10 Dec 2011

Puss in boots movie review

The notorious outlaw Puss in Boots (Antonio Banderas), also known as the Gingerhead Man, Chupacabra, the Furry Lover and Frisky Two Times, wasn't always a legend – he had humble origins at a poor orphanage in San Ricardo. It was there that he was taken in by the kindhearted, motherly Imelda (Constance Marie) and befriended by Humpty Alexander Dumpty (Zach Galifianakis), a forward-thinking, inventive dreamer with wild ideas of locating magical beans that could raise an enormous beanstalk to transport them to the castle of a giant. Awaiting them would be peril, glory, and a golden goose that lays solid gold eggs. Their childhood quest was fruitless, however, and instead they both started down a path of petty thievery – until a tragic night separated them for more than a decade.

During the Festival of the Fire celebration, Puss in Boots is approached by Kitty Softpaws (Salma Hayek), a highly skilled burglar, swordswoman, dancer and seducer, to aid in the recovery of the genuine magic beans. Her boss is Humpty Dumpty, and although Puss reluctantly agrees to join the group, he refuses to forgive the over-sized egg for the past events that split them up. The first step in their plan is to acquire the glowing green legumes from the repugnant duo Jack (Billy Bob Thornton) and Jill (Amy Sedaris), which could be so dangerous they might not be able to proceed further.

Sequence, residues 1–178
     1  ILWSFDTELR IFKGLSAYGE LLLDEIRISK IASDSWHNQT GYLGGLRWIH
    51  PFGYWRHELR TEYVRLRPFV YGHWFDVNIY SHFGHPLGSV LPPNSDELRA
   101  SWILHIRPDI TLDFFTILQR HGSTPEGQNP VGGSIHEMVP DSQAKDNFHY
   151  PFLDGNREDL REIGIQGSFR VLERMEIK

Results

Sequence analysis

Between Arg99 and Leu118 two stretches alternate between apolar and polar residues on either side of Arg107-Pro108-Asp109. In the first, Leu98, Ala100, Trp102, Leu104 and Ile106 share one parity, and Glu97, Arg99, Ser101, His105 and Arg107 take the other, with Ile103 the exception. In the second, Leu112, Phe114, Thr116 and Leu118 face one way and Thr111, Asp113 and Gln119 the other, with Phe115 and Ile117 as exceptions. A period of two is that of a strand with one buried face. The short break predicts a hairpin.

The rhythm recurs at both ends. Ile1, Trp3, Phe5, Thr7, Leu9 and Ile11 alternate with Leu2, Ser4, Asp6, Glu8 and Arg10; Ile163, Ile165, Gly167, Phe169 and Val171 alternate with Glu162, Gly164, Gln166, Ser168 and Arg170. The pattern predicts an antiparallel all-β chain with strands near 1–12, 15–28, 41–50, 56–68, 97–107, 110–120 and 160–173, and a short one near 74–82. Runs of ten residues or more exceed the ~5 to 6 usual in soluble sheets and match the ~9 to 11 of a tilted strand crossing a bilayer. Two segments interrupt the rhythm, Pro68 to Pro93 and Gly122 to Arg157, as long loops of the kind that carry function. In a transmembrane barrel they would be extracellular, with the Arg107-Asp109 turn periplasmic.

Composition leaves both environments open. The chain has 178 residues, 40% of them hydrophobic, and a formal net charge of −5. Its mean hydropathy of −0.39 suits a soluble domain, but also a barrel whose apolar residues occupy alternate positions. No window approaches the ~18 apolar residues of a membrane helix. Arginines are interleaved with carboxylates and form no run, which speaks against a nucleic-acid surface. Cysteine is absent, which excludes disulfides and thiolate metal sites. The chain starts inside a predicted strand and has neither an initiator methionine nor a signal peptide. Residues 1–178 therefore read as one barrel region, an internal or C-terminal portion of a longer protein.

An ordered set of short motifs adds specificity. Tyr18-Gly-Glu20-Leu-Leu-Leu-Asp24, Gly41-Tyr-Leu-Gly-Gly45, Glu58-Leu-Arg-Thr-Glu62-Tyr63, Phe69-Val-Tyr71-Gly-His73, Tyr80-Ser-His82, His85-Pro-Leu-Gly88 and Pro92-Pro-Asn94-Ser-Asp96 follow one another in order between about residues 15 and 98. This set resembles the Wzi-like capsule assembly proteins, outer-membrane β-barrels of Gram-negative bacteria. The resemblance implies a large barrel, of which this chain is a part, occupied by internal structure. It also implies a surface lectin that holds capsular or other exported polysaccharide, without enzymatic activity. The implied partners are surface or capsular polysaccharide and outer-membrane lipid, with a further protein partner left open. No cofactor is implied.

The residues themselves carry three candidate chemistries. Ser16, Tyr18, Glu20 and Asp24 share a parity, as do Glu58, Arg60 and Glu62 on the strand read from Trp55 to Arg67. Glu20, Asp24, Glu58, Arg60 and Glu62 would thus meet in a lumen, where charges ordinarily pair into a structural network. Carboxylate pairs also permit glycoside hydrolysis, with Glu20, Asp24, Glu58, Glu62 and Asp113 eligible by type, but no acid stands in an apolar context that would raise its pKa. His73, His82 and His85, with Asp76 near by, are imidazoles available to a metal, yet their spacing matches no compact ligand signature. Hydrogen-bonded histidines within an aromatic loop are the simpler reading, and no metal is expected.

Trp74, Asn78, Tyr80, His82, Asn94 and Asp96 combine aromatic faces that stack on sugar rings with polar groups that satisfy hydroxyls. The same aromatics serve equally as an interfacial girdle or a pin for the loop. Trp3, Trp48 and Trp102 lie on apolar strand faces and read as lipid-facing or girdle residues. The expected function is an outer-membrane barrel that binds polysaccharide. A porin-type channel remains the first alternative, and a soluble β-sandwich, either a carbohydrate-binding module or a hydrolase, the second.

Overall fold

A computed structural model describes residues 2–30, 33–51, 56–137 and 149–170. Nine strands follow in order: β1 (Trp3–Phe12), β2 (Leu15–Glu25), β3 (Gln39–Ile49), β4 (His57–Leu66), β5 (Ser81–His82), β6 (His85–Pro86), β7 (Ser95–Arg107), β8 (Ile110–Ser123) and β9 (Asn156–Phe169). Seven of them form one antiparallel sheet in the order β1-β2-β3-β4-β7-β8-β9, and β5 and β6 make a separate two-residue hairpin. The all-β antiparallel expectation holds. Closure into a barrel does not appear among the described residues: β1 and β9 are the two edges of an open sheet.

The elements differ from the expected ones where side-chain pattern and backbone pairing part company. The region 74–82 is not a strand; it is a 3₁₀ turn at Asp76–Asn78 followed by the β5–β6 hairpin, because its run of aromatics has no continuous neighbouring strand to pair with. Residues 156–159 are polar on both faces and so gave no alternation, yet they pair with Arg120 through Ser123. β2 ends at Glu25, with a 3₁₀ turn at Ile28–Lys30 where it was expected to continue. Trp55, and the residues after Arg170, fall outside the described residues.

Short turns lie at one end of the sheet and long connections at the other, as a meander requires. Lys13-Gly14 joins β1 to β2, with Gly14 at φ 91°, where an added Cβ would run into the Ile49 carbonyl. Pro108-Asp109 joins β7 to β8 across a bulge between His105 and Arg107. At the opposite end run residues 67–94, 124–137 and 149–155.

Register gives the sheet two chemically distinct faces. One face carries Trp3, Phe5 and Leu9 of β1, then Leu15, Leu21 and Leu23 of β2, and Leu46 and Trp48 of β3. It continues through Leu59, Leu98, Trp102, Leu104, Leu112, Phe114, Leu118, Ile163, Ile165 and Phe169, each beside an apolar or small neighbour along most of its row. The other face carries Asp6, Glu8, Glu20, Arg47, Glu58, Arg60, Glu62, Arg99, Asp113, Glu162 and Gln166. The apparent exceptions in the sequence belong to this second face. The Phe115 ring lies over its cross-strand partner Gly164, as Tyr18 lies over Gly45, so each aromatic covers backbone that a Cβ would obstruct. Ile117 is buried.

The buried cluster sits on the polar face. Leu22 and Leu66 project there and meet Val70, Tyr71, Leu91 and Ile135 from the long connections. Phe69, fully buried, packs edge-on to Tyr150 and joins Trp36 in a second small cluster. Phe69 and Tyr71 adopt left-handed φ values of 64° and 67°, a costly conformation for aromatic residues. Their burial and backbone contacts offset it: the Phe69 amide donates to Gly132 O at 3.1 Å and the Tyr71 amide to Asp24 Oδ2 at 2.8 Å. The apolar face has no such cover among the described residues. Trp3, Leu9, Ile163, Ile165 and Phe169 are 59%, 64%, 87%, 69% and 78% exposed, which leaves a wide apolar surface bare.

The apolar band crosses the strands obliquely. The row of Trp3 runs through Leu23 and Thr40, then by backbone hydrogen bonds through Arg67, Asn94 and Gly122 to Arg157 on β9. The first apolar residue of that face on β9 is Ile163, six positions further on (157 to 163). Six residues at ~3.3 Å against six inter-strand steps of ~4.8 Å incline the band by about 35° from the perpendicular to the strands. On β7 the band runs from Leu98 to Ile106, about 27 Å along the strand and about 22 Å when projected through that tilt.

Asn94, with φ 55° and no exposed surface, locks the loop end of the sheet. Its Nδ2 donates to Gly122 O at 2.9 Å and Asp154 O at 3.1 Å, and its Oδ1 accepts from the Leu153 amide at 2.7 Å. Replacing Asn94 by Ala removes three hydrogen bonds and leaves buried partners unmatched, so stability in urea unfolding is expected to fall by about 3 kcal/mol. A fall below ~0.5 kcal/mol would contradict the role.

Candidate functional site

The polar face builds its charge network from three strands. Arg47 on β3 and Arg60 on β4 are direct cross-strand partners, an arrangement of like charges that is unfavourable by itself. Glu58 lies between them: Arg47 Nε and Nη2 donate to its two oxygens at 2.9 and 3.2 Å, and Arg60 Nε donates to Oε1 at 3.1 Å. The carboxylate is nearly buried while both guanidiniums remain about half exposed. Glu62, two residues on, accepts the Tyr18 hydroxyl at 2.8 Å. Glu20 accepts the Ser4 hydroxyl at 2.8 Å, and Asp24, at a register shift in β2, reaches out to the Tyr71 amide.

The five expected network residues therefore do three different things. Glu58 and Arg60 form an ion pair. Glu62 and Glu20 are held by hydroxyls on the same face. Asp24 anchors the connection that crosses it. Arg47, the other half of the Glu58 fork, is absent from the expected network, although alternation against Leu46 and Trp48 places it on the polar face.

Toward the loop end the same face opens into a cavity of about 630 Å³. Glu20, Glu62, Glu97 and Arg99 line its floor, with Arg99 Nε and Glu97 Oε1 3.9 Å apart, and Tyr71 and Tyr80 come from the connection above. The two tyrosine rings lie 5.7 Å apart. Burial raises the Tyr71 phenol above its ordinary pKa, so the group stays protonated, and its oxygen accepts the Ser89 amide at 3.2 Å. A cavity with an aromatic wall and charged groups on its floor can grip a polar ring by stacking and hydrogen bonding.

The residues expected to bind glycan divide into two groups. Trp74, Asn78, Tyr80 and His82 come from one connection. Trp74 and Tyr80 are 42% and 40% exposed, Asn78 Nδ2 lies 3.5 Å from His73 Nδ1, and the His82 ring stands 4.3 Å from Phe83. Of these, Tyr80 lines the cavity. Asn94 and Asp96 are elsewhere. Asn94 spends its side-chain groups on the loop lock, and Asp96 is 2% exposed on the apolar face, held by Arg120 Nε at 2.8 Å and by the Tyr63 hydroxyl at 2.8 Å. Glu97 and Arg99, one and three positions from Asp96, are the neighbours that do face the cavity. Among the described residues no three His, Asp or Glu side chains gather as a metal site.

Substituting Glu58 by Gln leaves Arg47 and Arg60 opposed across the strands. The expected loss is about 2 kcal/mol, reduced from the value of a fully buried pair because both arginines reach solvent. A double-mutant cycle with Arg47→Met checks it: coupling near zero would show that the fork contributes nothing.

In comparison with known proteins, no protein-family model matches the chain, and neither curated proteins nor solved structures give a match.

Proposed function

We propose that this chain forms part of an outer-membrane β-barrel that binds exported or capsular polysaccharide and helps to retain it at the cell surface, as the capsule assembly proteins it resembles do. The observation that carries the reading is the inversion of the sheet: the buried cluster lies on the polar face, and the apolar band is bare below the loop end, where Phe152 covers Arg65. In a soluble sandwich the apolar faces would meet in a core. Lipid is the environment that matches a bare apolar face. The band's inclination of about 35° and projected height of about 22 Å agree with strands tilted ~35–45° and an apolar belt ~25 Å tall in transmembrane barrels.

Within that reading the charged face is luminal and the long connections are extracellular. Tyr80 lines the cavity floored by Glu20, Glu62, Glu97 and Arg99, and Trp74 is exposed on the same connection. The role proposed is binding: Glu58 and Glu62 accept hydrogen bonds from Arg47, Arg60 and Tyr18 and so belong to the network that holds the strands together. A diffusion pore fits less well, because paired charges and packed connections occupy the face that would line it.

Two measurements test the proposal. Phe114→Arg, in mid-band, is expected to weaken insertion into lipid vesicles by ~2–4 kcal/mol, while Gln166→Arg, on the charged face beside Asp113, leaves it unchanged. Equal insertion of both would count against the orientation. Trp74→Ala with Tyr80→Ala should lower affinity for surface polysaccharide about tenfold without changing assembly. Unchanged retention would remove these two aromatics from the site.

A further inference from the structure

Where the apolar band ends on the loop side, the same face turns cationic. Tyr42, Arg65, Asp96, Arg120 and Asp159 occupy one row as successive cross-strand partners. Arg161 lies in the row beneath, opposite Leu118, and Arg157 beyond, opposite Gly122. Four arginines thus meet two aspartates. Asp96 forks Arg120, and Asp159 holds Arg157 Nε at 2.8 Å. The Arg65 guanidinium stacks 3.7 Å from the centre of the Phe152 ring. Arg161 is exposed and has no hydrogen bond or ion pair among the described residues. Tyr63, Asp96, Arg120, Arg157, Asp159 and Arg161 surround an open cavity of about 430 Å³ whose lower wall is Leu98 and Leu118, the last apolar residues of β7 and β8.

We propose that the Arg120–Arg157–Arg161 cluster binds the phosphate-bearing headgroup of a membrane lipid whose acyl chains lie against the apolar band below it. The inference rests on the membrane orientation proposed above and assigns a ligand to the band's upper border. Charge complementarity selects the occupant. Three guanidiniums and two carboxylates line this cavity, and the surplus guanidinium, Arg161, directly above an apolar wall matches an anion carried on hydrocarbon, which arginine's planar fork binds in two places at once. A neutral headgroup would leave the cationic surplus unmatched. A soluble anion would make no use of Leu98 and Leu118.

You'd think that Puss' clunky boots would interfere with his ability to always land on his feet, scale buildings, and engage in all sorts of swashbuckling activities, but instead they're a significant part of the visual comedy and character design that makes the film such a striking work. There are also plenty of cute cat jokes and gags that contrast Puss' ferociousness with his diminutive frame and preference for gently lapping leche with his tiny tongue (along with his signature eye-swelling, hypnotic negotiating). A particularly funny dance fight, inspired editing to mimic live action movie-making, Dumpty's hilariously awkward image and background cats with strange voices ("Ohhh Cat" by Robert Persichetti Jr. being the best) are all elements that showcase the creators' clever artistry.

The laughs are mostly derived from situational comedy that makes Puss in Boots more universal than Shrek's pop-culture-heavy referential skits. The script edges in adult content too, subtly hinting at sexual innuendo, inappropriate tattoos, drugs, egg genitalia and nudity (completely inconspicuous to children), as well as darker themes of betrayal, imprisonment and death. But its overt adorableness subdues any negativity. The animation itself is of a superlative quality and the level of fast-paced action is superior to the last couple of Shrek sequels, with awe-inspiring visuals, complex stunts and truly suspenseful adventure, smartly utilizing a supporting role that never once hinted at the irritating nature of Donkey. Puss in Boots definitely deserved a film of his own and the lack of Shrek doesn't diminish the entertainment value in the least.

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